I am absolutely NOT anywhere even remotely like Alex Honnold, but believe me, I do understand that addiction. I climbed some crazy stuff for at least a few years, way back when, but nothing like what he's doing now. What those climbers have, is an addiction to the momentary clarity of mind and freedom that comes from pushing yourself to the place where the only thing in front of you is life or death. I get that.
A lot of people just shrug it off as a death wish, but it isn't. It's an exhilarating state of mind that I bet was forever missing from their own lives and is very difficult to find in today's age of security and leisure. But the types of things I am doing wouldn't be so unbelievable 100 years ago. It's just people are not as in touch with nature and what's possible out there these days. I certainly used to be capable of pushing myself into some pretty risky situations, but these days I have a family and it's more carefully measured. If I was to die in nature it would be an acceptable risk that I took. If you count sleeping around an area where bears might possibly be as too significant a risk though, it just illustrates your lack of connection and understanding with nature. You were more likely to die in a car crash on the way to the trailhead.
:: There have been several recent debates lately online that you've found yourself square in the middle of. You must know that you're in a "damned if you do, damned if you don't" position. Why get involved at all?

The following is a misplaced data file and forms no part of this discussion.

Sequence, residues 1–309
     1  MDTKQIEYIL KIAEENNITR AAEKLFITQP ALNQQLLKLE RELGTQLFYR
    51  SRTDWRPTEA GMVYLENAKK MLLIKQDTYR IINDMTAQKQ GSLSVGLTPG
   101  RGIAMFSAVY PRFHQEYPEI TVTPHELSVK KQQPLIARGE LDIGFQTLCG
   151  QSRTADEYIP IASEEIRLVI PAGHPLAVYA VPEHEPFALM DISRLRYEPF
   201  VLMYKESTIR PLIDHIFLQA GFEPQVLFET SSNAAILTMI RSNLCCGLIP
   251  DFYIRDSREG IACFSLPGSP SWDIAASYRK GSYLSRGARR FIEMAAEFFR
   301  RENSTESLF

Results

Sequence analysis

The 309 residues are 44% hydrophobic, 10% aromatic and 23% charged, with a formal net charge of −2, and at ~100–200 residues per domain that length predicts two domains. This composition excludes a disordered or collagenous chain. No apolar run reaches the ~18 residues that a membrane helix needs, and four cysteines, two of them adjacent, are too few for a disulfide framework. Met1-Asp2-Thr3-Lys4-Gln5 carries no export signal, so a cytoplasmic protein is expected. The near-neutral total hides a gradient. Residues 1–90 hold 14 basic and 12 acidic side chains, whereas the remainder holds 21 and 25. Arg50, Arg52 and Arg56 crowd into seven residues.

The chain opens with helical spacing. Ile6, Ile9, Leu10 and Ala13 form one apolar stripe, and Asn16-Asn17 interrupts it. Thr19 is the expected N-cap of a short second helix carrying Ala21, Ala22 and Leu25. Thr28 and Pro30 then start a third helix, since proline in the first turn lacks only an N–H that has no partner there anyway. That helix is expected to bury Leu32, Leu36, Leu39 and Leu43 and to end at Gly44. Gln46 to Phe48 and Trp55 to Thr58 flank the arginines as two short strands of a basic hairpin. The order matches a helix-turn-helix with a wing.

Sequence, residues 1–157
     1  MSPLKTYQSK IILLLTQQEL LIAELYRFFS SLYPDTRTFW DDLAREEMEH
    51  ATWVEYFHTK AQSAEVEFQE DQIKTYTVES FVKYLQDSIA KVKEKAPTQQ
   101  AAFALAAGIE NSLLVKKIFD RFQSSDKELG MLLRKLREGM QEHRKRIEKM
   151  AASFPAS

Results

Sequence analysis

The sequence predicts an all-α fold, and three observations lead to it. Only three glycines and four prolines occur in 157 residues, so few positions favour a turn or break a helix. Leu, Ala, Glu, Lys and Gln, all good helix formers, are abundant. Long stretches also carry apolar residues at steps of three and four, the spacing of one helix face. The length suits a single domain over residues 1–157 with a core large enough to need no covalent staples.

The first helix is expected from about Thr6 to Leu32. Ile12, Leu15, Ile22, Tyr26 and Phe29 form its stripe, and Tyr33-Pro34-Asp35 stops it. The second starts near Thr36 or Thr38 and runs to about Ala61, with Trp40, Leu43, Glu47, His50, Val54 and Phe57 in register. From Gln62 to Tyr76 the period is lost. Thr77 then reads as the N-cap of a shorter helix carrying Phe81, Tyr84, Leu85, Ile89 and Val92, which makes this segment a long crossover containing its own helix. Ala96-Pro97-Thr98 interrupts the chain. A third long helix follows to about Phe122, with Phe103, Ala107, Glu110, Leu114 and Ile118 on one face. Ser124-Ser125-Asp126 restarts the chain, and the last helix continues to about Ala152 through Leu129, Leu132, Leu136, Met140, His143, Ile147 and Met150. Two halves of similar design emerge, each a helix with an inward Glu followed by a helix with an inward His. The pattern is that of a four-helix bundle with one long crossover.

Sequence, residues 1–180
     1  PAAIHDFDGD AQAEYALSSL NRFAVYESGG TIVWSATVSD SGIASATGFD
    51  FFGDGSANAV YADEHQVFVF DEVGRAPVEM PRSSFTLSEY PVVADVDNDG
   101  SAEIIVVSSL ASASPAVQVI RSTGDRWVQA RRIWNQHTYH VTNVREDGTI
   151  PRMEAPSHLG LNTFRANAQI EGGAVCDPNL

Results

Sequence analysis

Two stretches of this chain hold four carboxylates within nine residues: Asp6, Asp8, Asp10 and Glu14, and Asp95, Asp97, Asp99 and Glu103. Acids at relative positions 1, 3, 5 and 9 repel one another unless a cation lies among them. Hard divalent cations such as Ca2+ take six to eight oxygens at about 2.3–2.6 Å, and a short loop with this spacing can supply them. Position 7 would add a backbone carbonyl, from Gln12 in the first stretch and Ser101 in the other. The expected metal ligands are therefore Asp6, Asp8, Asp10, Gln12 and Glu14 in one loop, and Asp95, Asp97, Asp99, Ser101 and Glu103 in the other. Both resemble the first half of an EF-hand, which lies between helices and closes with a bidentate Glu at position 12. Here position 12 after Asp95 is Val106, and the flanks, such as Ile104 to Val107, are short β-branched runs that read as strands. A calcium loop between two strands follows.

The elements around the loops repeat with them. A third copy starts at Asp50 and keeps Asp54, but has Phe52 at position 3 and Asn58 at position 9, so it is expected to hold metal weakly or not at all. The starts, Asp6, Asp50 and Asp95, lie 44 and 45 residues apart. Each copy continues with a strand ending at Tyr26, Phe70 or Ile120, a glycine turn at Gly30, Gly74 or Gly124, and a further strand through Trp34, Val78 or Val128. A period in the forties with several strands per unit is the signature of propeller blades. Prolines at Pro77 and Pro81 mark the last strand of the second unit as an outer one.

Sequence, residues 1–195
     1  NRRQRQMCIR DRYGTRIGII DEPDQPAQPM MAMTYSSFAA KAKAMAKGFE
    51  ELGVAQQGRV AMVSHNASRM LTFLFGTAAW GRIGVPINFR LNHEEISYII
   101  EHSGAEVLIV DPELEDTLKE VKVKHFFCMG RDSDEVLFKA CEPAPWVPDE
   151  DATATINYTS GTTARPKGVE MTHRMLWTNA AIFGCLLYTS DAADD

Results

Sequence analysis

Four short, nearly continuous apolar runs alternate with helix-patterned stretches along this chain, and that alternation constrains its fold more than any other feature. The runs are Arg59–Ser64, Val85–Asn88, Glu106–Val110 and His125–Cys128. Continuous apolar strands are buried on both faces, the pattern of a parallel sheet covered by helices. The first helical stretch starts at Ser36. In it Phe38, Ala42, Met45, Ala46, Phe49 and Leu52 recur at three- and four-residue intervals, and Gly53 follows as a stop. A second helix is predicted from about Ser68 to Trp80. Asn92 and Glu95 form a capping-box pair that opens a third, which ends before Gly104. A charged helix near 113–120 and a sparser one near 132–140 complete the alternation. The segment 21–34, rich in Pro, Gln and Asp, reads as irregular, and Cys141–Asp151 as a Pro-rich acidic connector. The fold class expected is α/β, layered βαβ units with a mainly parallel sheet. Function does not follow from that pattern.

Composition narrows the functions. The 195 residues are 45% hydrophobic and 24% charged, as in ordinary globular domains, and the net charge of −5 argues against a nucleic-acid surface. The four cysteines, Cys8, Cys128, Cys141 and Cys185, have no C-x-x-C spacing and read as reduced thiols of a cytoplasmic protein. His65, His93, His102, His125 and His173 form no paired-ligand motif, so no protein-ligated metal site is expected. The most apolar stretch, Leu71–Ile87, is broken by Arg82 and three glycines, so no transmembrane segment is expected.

I've answered this clearly above... anyone in my position is in a "damned if you do, damned if you don't" position at times, but I embrace it. I don't run from it. I just don't want to.
:: You've really limited yourself in the forums you share your work. Why 500px as one of them?
500px, for all its egos and incredibly unproductive 'like me I'll like you back' commentary is still the largest photography-dedicated forum for sharing online and it attracts some pretty amazing talent. I am not on Facebook or anything so I go there to catch up with what a lot of folks are doing when I don't have their personal websites at hand.
:: Where do you draw the line at how much is "too much" when it comes to your treatment of an image?
If my viewer goes to a scene which I have photographed and can't find within that the permanent subjects I have photographed, I feel like the appeal of the photograph is diminished for them. Obviously I treat my subjects with and capture them in very different light, color, perspective, lenses, atmosphere, etc. than the casual viewer might see, but I want the image to appear to be something that "could" have happened, not a complete fantasy piece. Now, mind you, I do also very much enjoy fantasy pieces and digital artworks made from nothing but the artist's mind, but I am also in recognition of my fan base and the fact that their enjoyment of my art comes from that unique relationship with "reality" that photography has.
:: You recently said your work in Patagonia is done. How did you know? What draws you to a new location when you are looking for your next place to visit?
I knew because I don't feel a passion for capturing the place anymore. I am proud of what I've done there, but it's like I said, if we don't evolve or move on to the next thing we just burn out. Or at least I do!
:: When you take tours of folks' places, I'm sure they largely want to be a part of an experience the way you would shoot. You're not the typical photographer, and I've heard you don't tone down the type of shooting schedule you have much based on who signs up. How are you prepared for handling others with you in some of these remote locations? Do you ever worry about that, or do you have the training to save them should they get injured?